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Political authorities in Utah may face serious issues as a result of a small bird on the Great Salt Lake



Salt Lake City, Utah – Regarding the Great Salt Lake, a small bird might cause political leaders in Utah a great deal of trouble.

The Center for Biological Diversity is part of a coalition of environmental organizations that will petition the federal government to designate the Wilson’s phalarope as an endangered species. That would result in more rules and actions regarding the Great Salt Lake.

Small birds called Wilson’s Phalaropes migrate from North to South America and back, making stops in the Great Salt Lake to build their nests and replenish their supplies. According to Deeda Seed, a senior campaigner with the Center for Biological Diversity, there are roughly a million of them worldwide.

“The fate of these birds is connected to our fate. If we’re at a point where our lake is so vulnerable to collapse that we’re going to lose bird species, it’s also a huge warning bell for us that our existence here as humans is also imperiled with a collapsing Great Salt Lake,” Seed said.

Part of the motivation for the endeavor stems from dissatisfaction with the state’s handling of preserving the Great Salt Lake. Environmental organizations have expressed dissatisfaction with state authorities’ lack of action or speed in addressing the Great Salt Lake’s deteriorating emergency. The lake’s level reached its lowest point in 2022, and with hazardous dust storms, less snowfall, and negative effects on the economy, wildlife, and public health, Utah faces an ecological crisis.

The Great Salt Lake’s habitat is protected by an endangered species listing, which could override numerous state laws and ordinances if approved by the federal government.

“The federal government would have the capacity to say to the state, ‘You need to do things differently and if you don’t there will be consequences.’ So it confers important regulatory and legal power,” Seed said.

That might have a big effect on the state’s own Great Salt Lake rescue efforts.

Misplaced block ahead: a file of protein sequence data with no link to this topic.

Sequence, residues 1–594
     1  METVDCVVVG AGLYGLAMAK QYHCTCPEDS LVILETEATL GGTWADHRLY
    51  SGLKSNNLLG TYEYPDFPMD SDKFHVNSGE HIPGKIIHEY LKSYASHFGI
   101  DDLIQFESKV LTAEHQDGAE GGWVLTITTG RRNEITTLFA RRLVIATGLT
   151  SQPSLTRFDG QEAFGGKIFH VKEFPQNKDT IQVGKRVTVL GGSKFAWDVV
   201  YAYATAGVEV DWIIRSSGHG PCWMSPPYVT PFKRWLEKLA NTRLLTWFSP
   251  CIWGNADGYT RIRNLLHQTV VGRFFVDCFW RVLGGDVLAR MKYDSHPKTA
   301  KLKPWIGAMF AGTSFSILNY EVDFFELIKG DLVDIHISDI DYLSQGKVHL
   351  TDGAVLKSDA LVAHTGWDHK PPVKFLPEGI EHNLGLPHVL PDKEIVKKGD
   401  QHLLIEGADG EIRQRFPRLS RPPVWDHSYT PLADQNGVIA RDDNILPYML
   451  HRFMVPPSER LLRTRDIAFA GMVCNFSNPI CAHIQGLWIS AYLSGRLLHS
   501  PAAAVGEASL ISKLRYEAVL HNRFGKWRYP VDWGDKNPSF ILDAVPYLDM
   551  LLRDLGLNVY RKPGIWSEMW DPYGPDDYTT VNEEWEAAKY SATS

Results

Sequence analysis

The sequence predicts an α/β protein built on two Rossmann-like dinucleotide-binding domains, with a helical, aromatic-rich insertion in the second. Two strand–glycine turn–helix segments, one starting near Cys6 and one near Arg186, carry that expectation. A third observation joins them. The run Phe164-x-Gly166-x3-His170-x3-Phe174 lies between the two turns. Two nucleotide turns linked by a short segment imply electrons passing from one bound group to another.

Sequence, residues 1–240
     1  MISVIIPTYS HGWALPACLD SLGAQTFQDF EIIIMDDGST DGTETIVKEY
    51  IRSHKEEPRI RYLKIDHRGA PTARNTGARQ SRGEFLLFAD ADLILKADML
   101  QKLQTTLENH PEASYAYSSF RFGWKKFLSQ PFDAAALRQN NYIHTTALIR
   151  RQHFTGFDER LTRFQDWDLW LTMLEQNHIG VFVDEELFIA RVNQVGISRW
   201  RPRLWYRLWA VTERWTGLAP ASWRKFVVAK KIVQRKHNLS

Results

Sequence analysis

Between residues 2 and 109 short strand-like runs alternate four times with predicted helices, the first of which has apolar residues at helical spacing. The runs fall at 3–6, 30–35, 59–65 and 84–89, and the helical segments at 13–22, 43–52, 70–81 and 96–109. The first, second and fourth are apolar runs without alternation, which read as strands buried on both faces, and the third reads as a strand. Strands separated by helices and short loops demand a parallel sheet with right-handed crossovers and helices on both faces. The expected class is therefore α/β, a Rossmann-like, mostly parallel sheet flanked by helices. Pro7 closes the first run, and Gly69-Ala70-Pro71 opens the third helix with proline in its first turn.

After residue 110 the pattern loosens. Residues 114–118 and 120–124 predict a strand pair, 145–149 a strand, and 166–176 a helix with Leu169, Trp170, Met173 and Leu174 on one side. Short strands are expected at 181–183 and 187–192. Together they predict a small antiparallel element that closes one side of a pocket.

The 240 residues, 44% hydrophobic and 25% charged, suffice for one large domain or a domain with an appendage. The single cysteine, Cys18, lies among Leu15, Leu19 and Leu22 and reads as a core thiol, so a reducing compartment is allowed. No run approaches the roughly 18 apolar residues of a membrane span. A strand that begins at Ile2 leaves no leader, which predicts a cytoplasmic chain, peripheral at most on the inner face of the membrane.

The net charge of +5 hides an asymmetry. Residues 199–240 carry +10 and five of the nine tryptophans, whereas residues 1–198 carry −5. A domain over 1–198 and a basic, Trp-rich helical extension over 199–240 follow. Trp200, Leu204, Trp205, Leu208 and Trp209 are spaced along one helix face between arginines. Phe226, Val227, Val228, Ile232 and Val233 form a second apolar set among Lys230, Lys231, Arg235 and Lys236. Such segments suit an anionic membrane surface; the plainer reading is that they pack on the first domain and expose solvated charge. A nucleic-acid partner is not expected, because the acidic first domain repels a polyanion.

“What the Endangered Species Act has always done is have a federal solution and oftentimes re-prioritizes what has been technically a state issue, which is water rights,” said Great Salt Lake Commissioner Brian Steed, who is tasked by state leaders with enacting plans to reverse the lake’s declines.

It would introduce “controversy and tension” into the rescue efforts for Great Salt Lake, according to Steed.

“I can tell you straight, that it would be complicated to have the federal government all of a sudden in the middle of it. I think there’s going to be a lot of politics that play out as a result of that. We would prefer if the bird is healthy that we don’t go down that pathway,” he said.

Republican members on Utah’s Capitol Hill said they were against the Wilson’s phalarope being listed as an endangered species. Sen. Scott Sandall, a Republican from Tremonton who is in charge of many water-related bills in the senate, issued a warning, claiming it would result in harsh regulations on water use, such as transferring water use for agricultural and drinking to the federal government.

“We have made great strides,” he said. “I know there are some out there that think we haven’t made them fast enough, but that’s the tug and pull in the legislative process. We have made incredible strides in getting water to the lake and we will continue to do it. We’re not going to allow the Great Salt Lake to dry up and go away.”

To formally announce the submission of the Wilson’s phalarope’s endangered species status, a coalition of environmental organizations, including Grow the Flow, Great Basin Water Network, Youth Coalition for Great Salt Lake, and the Sierra Club, will host an event at the Utah State Capitol on Thursday.

“We’re very glad that we’ve caught the attention of lawmakers,” she said. “Because they are the people that have the capacity to solve this problem.”


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